Squid Proxy — Transparent SSL Web Proxy redirection using WCCP, Cisco ASA, and Squid 3.4+

I’ve posted a few articles on how to set up a Forwarding Proxy using Squid, and using benefits like caching and content blocking (Ads, adult, gambling, etc). This can bring centralized web security and delivery to you and your users.  However, users need to be expliclty configured to use the Proxy service. This means having their web browser like Firefox or even Internet Explorer set with the DNS or IP address of the Proxy server. This can be an issue if youhave little or no management of the user’s Web Browsers configuration.  This is where a content-routing protocol like WCCP(Web Cache Communication Protocol) comes into play. With WCCP we can influence specific user traffic to be encapsulated and re-routed to your Proxy server. The difference between this and some of the other ways to force web traffic to your Proxy server(like iptables redirection) is the original Web packet generated by the user’s device is not altered. Instead it is encapsulated when it reaches your WCCP receiver running on an upstream egress router(user gateway towards Internet). It is then re-routed via this encapsulation to your Proxy server which is WCCP aware.

Before we begin, you will need a few things:

  • Squid Proxy Server 3.4+ compiled with WCCP
  • Router or Security device capable of running the WCCPv2 service(See vendor list here…)
  • Some knowledge of Web Proxy Technology.
  • A Web Browser to test with.
  • Your favorite beverage and some patients.


Notice: Cisco ASA only supports having the user subnet(s) and the cache-engine(Squid Proxy server) behind the same Cisco ASA interface(inside,dmz,outside,etc). The reason for this is the WCCP processing on the ASA happens after interface ACL, meaning for example ACL on your inside interface are processed before any WCCP manipulation can begin.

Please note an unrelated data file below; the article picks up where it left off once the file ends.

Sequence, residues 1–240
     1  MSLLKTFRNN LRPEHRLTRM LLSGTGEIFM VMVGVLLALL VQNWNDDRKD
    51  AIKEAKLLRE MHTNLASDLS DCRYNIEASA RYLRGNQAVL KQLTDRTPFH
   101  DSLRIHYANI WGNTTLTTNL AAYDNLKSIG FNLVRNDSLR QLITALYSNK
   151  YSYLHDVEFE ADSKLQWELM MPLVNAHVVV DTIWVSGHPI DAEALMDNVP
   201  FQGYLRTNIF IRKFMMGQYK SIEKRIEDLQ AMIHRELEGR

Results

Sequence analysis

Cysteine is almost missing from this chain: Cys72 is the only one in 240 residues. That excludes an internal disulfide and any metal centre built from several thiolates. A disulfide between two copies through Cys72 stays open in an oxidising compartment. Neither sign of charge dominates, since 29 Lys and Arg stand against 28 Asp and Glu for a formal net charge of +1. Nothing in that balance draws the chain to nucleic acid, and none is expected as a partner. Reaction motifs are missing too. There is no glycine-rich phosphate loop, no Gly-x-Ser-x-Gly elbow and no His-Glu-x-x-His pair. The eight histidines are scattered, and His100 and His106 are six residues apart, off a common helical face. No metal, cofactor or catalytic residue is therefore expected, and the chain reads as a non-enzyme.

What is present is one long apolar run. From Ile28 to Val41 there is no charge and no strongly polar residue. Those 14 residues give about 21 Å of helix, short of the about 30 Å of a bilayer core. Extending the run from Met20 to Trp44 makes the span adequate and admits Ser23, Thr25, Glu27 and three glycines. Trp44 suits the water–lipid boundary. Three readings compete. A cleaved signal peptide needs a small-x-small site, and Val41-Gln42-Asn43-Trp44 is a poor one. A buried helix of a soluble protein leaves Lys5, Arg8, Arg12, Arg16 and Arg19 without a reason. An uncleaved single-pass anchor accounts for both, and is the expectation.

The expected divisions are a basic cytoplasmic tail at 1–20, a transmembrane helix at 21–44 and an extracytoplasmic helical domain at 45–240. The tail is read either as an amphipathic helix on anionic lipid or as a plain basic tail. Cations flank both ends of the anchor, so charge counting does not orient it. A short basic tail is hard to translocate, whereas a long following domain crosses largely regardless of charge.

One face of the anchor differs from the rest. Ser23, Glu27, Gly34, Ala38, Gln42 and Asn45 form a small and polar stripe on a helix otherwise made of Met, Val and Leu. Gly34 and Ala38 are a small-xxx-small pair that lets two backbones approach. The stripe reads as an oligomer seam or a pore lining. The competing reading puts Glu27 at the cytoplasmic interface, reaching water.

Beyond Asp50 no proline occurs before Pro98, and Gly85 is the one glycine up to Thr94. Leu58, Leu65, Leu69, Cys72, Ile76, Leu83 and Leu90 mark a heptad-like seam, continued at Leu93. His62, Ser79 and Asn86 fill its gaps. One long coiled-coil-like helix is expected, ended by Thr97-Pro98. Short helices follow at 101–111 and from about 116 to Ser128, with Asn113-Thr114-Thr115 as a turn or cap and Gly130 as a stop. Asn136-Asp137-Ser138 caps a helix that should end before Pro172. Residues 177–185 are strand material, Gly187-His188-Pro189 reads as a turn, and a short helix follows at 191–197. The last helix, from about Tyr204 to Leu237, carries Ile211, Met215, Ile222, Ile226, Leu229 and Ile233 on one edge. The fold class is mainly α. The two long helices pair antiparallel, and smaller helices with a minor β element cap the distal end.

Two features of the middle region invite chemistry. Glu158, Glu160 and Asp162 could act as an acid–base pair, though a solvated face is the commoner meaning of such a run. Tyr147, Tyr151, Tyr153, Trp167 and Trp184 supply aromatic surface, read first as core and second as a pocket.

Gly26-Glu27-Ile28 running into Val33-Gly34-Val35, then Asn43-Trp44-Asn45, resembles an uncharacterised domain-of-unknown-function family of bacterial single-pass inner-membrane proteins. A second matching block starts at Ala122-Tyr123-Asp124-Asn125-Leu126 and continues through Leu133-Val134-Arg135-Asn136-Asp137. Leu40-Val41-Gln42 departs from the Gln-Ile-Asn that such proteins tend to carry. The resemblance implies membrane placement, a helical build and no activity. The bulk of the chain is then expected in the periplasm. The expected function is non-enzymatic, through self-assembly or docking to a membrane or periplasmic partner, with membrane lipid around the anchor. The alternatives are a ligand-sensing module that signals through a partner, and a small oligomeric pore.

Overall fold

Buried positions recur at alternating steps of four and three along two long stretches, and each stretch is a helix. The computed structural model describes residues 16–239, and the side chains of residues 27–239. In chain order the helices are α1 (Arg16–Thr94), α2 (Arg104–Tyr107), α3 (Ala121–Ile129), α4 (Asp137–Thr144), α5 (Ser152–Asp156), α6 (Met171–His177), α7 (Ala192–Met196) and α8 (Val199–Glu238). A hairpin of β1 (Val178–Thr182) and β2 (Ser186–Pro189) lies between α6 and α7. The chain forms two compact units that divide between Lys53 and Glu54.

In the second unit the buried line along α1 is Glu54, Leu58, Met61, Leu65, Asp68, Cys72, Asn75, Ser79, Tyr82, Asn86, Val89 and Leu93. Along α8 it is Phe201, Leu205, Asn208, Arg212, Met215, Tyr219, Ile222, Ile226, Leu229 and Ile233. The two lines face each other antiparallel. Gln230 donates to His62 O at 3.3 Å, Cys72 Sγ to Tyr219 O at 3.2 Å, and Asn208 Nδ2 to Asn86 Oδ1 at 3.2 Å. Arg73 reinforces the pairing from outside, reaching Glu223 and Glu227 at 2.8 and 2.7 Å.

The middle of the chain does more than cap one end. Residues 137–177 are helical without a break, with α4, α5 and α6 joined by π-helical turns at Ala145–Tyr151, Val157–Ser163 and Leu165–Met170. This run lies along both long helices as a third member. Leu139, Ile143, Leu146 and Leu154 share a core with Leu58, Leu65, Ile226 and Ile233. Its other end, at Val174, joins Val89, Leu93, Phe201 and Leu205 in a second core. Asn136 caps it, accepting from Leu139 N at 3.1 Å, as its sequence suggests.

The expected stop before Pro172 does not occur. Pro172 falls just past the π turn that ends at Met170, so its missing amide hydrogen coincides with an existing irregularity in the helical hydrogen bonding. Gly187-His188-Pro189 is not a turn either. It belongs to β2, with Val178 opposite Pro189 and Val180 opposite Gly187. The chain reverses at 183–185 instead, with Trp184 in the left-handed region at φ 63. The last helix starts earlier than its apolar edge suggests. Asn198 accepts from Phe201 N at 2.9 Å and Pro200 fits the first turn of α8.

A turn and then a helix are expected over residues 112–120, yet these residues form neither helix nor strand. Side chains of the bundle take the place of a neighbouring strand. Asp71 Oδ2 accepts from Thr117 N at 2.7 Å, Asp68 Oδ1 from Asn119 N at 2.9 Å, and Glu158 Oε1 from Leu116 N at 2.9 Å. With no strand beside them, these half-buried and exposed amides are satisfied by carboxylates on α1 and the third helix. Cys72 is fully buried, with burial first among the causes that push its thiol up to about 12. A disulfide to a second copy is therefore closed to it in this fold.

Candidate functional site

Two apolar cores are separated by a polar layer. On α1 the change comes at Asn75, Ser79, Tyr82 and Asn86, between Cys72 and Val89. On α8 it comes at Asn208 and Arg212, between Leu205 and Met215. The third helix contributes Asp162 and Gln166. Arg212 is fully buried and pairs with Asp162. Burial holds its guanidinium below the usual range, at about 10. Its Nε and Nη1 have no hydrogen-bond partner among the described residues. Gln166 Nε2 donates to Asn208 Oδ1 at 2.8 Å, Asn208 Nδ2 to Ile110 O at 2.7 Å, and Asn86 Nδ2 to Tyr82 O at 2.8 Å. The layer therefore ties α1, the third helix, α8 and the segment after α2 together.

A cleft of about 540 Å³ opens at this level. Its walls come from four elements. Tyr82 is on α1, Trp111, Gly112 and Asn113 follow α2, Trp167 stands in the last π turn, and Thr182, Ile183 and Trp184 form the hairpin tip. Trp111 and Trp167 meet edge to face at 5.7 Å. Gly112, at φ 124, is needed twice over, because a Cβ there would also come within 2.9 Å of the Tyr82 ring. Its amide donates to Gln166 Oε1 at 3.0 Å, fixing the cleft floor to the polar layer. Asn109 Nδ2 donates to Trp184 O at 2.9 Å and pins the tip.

1. User requests a web resource on outside interface(usually the Internet) of Router/Firewall.
  2. WCCP Server (Router/Firewall) catches this interesting traffic(traffic we want to redirect) and encapsulates it within a GRE tunnel to the WCCP Client(Squid Proxy Server) on the other end of the tunnel.
  3. WCCP Client (Squid Proxy Server) decapsulates the GRE payload and fetches the original client request just like an ordinary Web Proxy would.
  4. WCCP Client receives a response from the external web server.
  5. WCCP Client (Squid Proxy Server) serves the web page back to the original User by spoofing the source IP address(This is key). Spoofing is done by rewriting the source IP address field of the packet with the External Resource’s IP address. This makes it look like the packet the user receives is from the external web site.

Note: There are only two(2) content re-routing methods available in WCCPv2 to deliver the user’s original request to the cache-engine(Squid Proxy server). Layer 2 rewrite which rewrites the destination MAC address to push the frame to the cache-engine, or GRE encapsulation which encapsulates the original IP packet into a GRE tunnel which is routed to the cache-engine. The Layer 2 method is the fastest and requires less processing power, however the GRE method allows redirection between different subnets. The Cisco ASA only supports the GRE method, however other Cisco products, like the Cisco 6000 catalysis series or Cisco Content Engine support L2 rewrites for WCCPv2.

Squid Proxy Section(WCCP Client):

Our Squid Proxy server is acting as the WCCP Client, it is responsible for requesting registration to the WCCP Server(Cisco ASA) as a cache-engine and will be used to fetch web content on behalf of the user.

  1. Check Version

    First check your squid version by issuing a squid -v and look for a line –enable-wccpv2(here). If you have that you are good to go and can skip the next step(Step 2).

  2. Compile Squid 3.4+ with WCCP support.
    apt-get install libssl-dev build-essentials
    cd /tmp
    wget http://www.squid-cache.org/Versions/v3/3.4/squid-3.4.8.tar.gz
    tar xzvf squid-3.4.8.tar.gz 
    cd squid-3.4.8/
    ./configure --enable-gnuregex --enable-xmalloc-statistics --enable-async-io --enable-icmp --enable-delay-pools --enable-useragent-log --enable-kill-parent-hack --enable-htpc --enable-forw-via-db --enable-cache-digests --enable-dl-malloc --enable-time-hack --enable-err-language=English --prefix=/usr --sysconfdir=/etc/squid --with-default-user=proxy --with-logdir=/opt/squid_logs --enable-ssl --enable-ssl-crtd --with-openssl=/usr/include --enable-linux-netfilter --enable-wccpv2
    make install
  3. Configuring Squid
    #WCCPv2 items
    http_port 3128 intercept                    #intercept = treat incoming connections as redirects
    wccp_version 4
    #wccp2_address (only needed in WCCPv1)
    wccp2_forwarding_method gre                 #(1=gre,2=l2l)
    wccp2_return_method gre                     #(1=gre,2=l2l)
    wccp2_service standard 0 password=TEST123   # standard 0 = http, password={7 characters or less}